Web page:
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Despite what some unscrupulous employers may seem to think, the minimum wage is not a recommendation, it’s a law.
With a cover price of £2.50 it would take a minimum wage worker just over 23 minutes to earn enough money to pay for a daily copy of the Financial Times. It would not even take 23 minutes for them to read the news that over three dozen companies, from fashion retailers to hospitality providers, are being prosecuted for failing to fulfil their obligations to pay workers at least the national minimum wage rate of £6.50 an hour, for those 21 years of age and over.
Suffice to say, it is likely that those workers doing their best to get by on £52 for an eight hour day will have higher purchasing priorities than the famously well informed pink broadsheet.
The majority of the UK workforce is entitled to receive the minimum wage. It covers full-time and part-time workers and casual and agency staff as well. Being a trainee, or an apprentice, or working from home or working out in the fields or at sea doesn’t matter. Whether you speak English, or hold a foreign passport, that £6.50 figure is the bottom line that cannot be undercut.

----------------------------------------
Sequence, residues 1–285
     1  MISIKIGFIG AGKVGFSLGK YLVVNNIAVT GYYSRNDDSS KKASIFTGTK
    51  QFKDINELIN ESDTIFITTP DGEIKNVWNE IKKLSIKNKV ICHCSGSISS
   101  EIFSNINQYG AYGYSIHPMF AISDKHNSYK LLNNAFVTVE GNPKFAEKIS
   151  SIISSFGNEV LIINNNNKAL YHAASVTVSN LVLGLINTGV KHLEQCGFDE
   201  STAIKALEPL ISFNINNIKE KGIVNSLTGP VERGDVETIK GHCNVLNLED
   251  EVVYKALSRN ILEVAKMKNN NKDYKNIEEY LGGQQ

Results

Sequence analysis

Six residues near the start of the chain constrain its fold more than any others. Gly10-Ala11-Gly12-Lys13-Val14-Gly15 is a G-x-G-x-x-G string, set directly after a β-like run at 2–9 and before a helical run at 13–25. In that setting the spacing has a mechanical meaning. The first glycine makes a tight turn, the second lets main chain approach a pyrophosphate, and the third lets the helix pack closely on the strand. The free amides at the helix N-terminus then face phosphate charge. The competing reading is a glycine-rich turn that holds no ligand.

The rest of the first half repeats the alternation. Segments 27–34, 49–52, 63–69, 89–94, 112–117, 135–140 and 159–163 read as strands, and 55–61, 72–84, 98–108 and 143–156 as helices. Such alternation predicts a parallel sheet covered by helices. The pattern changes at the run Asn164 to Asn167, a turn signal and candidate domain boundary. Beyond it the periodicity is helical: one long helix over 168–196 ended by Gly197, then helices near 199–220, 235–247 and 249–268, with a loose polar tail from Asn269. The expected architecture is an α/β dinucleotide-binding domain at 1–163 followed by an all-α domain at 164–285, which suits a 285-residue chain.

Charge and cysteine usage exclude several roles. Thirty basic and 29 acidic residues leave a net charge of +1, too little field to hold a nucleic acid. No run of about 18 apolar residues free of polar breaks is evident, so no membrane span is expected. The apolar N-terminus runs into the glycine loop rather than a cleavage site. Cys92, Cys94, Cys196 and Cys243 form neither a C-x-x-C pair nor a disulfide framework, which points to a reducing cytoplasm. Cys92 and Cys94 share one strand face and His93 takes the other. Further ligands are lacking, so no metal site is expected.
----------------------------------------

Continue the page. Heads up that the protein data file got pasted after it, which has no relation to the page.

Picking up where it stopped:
Flouting the rules can prove an expensive embarrassment. Among the companies slapped with fines of over fifty grand and named by Jo Swinson, the Westminster Business Minister, were High Street fashion chain H&M and the motorway service station parent company Welcome Break Holdings. Both were guilty for under-paying their workforce by a few thousand pounds and are now about ten times that amount out of pocket. The other miscreants didn’t escape the spotlight either. The Independent newspaper was among the titles that published the list in full, including companies large and small, all of whom will have to make good on the unpaid wages as well.
Of course, the legislated minimum is only a floor level. What you, your employee, the market, or the job in hand dictate as the value for the work, is the real measure of the reasonable pay rate. Whether any moral obligation adds to your legal requirement is up to you.
Every year since its introduction, there has been a regular increase in the minimum wage. With a general election just around the corner, the TUC are lobbying, and various politicians are stepping up the rhetoric to have the minimum wage ramped up once again.
Government funds are being allocated to policing proper payment, and that is good news for the estimated 300,000 employees in the UK who are currently paid too little. It is good news as well, for the vast majority of employers who do the right thing, and make sure their workers are not illegally exploited as it levels up the competitive playing field.